Glucuronolactone

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Glucuronolactone[1]
Skeletal formula
Space-filling model
Names
IUPAC name
D-Glucurono-6,3-lactone
Systematic IUPAC name
(2R)-2-[(2S,3R,4S)-3,4-Dihydroxy-5-oxo-tetrahydrofuran-2-yl]-2-hydroxy-acetaldehyde
Other names
Glucuronic acid lactone; Glucurone; Glucurolactone; D-glucurono-gamma-lactone; glucurono-γ-lactone
Identifiers
3D model (JSmol)
ChemSpider
ECHA InfoCard 100.046.397 Edit this at Wikidata
UNII
  • InChI=1S/C6H8O6/c7-1-2(8)5-3(9)4(10)6(11)12-5/h1-5,8-10H/t2-,3+,4-,5+/m0/s1 ☒N
    Key: UYUXSRADSPPKRZ-SKNVOMKLSA-N ☒N
  • InChI=1/C6H8O6/c7-1-2(8)5-3(9)4(10)6(11)12-5/h1-5,8-10H/t2-,3+,4-,5+/m0/s1
    Key: UYUXSRADSPPKRZ-SKNVOMKLBS
  • O=C[C@H](O)[C@H]1OC(=O)[C@@H](O)[C@H]1O
Properties
C6H8O6
Molar mass 176.124 g·mol−1
Density 1.76 g/cm3 (30 °C)
Melting point 176 to 178 °C (349 to 352 °F; 449 to 451 K)
26.9 g/100 mL
Except where otherwise noted, data are given for materials in their standard state (at 25 °C [77 °F], 100 kPa).
☒N verify (what is checkY☒N ?)

Glucuronolactone is a naturally occurring substance that is an important structural component of nearly all connective tissues.[1] It is sometimes used in energy drinks,[2][3]. Unfounded claims[4] that glucuronolactone can be used to reduce "brain fog"[5] are based on research conducted on energy drinks that contain other active ingredients that have been shown to improve cognitive function, such as caffeine. Glucuronolactone is also found in many plant gums.[1]

Physical and chemical properties[edit]

Glucuronolactone is a white solid odorless compound, soluble in hot and cold water. Its melting point ranges from 176 to 178 °C.[1] The compound can exist in a monocyclic aldehyde form or in a bicyclic hemiacetal (lactol) form.

Lactol form of glucuronolactone

History[edit]

It is unknown if Glucuronolactone is safe for human consumption due to a lack of proper human or animal trials. However, it likely has limited effects on the human body.[6] Furthermore research on isolated supplements of glucuronolactone is limited, no warnings appear on the Food and Drug Administration website regarding its potential to cause brain tumors or other maladies.[4][7]

Uses[edit]

Glucuronolactone is an ingredient used in some energy drinks[2] Although levels of glucuronolactone in energy drinks can far exceed those found in the rest of the diet. Research into Glucuronolactone is too limited to assert claims about its safety[8] The European Food Safety Authority (EFSA) has concluded that it is unlikely that glucurono-γ-lactone would have any interaction with caffeine, taurine, alcohol or the effects of exercise. The Panel also concluded, based on the data available, that additive interactions between taurine and caffeine on diuretic effects are unlikely.[6]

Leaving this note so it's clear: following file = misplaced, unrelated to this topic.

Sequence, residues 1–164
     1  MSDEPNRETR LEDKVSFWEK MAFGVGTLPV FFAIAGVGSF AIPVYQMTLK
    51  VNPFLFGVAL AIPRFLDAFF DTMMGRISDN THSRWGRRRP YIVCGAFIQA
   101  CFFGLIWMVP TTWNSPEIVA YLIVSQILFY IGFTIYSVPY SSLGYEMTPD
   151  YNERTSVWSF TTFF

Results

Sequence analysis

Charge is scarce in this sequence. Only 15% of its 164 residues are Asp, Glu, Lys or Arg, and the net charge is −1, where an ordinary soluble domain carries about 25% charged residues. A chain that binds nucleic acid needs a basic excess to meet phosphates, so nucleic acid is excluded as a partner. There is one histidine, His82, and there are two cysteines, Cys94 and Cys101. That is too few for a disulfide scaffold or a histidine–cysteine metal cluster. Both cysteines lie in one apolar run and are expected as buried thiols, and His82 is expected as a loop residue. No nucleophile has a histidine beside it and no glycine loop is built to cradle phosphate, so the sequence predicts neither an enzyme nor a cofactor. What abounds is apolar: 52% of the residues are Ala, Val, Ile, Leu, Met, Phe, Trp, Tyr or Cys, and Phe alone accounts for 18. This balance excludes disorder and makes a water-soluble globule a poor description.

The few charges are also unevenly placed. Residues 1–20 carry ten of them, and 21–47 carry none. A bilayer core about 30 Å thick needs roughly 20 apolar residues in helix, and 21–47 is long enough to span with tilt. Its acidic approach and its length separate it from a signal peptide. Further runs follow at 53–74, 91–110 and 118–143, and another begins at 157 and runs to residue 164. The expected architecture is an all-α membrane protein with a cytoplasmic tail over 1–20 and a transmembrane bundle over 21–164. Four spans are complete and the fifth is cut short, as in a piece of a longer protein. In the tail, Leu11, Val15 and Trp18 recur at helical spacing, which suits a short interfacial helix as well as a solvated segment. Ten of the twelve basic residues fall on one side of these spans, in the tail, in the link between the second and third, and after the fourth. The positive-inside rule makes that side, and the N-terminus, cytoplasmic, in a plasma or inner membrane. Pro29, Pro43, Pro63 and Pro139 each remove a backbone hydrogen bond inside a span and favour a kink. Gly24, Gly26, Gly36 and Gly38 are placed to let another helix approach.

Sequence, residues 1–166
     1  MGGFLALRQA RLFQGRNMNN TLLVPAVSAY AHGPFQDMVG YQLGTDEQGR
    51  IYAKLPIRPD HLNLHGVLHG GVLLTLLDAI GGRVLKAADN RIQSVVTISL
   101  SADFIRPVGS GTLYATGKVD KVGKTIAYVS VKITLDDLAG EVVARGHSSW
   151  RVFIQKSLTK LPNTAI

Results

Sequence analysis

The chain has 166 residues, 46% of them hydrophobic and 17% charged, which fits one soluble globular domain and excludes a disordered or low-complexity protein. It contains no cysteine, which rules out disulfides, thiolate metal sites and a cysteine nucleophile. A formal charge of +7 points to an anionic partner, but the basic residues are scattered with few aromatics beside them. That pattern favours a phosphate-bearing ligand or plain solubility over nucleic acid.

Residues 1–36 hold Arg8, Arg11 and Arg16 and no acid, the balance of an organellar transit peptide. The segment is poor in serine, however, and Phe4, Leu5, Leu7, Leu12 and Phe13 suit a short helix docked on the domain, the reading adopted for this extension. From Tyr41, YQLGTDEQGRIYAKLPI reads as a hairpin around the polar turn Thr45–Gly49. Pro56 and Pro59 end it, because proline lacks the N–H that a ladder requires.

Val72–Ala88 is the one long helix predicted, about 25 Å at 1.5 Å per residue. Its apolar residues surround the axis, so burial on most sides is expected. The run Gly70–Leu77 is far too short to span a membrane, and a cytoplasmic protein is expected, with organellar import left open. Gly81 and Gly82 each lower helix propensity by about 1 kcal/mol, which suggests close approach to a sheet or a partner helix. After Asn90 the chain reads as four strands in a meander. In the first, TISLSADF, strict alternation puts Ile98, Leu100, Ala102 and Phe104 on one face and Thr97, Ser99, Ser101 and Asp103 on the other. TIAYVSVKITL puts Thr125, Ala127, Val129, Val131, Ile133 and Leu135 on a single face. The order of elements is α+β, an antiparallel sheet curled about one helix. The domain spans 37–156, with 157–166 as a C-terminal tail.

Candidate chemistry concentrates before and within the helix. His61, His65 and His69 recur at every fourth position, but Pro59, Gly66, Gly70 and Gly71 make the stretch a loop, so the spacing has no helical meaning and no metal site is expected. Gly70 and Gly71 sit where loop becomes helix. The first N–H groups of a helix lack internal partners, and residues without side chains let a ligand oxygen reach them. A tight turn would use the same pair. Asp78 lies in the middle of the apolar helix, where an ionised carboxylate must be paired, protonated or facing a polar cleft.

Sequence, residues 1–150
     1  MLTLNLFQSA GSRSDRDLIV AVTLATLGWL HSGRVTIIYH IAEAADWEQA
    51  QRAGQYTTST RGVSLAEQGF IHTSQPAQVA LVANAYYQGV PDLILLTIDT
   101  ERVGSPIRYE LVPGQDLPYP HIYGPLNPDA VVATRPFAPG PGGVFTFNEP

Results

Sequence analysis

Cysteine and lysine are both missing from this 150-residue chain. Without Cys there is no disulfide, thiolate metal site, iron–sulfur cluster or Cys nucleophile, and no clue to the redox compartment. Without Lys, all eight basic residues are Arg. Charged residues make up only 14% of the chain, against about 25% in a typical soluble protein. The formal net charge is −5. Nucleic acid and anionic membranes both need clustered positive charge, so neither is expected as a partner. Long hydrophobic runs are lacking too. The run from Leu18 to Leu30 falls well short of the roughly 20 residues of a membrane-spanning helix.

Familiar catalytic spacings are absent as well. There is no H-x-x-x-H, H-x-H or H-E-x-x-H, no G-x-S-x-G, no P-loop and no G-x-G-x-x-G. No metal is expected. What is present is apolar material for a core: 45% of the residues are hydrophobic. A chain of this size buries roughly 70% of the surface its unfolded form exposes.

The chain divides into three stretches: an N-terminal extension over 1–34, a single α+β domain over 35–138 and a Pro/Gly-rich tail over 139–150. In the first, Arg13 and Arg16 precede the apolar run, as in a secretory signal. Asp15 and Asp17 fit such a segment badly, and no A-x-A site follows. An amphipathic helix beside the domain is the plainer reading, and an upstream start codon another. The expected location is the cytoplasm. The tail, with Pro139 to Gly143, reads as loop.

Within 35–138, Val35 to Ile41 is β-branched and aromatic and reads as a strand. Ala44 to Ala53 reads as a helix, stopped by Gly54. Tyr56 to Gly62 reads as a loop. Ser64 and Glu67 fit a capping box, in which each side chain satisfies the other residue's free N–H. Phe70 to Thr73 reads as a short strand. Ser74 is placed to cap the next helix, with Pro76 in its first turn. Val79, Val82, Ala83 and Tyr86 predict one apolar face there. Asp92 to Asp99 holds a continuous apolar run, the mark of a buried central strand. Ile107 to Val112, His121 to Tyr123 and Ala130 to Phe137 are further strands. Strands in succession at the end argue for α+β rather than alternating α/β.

According to The Merck Index, glucuronolactone is used as a detoxicant.[9]

Glucuronolactone is also metabolized to glucaric acid, xylitol, and L-xylulose, and humans may also be able to use glucuronolactone as a precursor for ascorbic acid synthesis.[10]

See also[edit]

References[edit]

  1. ^ a b c d Merck Index, 11th Edition, 4362
  2. ^ a b "V Energy". v.co.nz. Retrieved 2021-07-22.
  3. ^ Rahnama, Nader; Gaeini, Abbas Ali; Kazemi, Fahimeh (2010). "The effectiveness of two energy drinks on selected indices of maximal cardiorespiratory fitness and blood lactate levels in male athletes". Journal of Research in Medical Sciences. 15 (3): 127–132. ISSN 1735-1995. PMC 3082800. PMID 21526071.
  4. ^ a b "Does Glucuronolactone Boost Energy? Benefits vs. Dangers". SelfHacked. 2019-12-05. Retrieved 2020-10-23.
  5. ^ "Glucuronolactone Benefits & Safety in Red Bull Energy Drinks". Nootriment - Health Supplement Reviews and Research. 2015-12-10. Retrieved 2021-07-22.
  6. ^ a b "The use of taurine and D-glucurono-gamma-lactone as constituents of the so-called "energy" drinks". EFSA Journal. 7 (2): 935. 2009. doi:10.2903/j.efsa.2009.935. ISSN 1831-4732.
  7. ^ "Bull Marketed". Snopes.
  8. ^ "Glucuronolactone: Uses, Side Effects, Interactions, Dosage, and Warning". www.webmd.com. Retrieved 2020-10-23.
  9. ^ Merck Index, 14th ed., 4467
  10. ^ Baker EM, Bierman EL, Plough IC (1960). "Effect of D-glucuronic acid and D-glucuronolactone on ascorbic acid levels in blood and urine of man and dog". Am J Clin Nutr. 8 (3): 369–73. doi:10.1093/ajcn/8.3.369. PMID 13795987.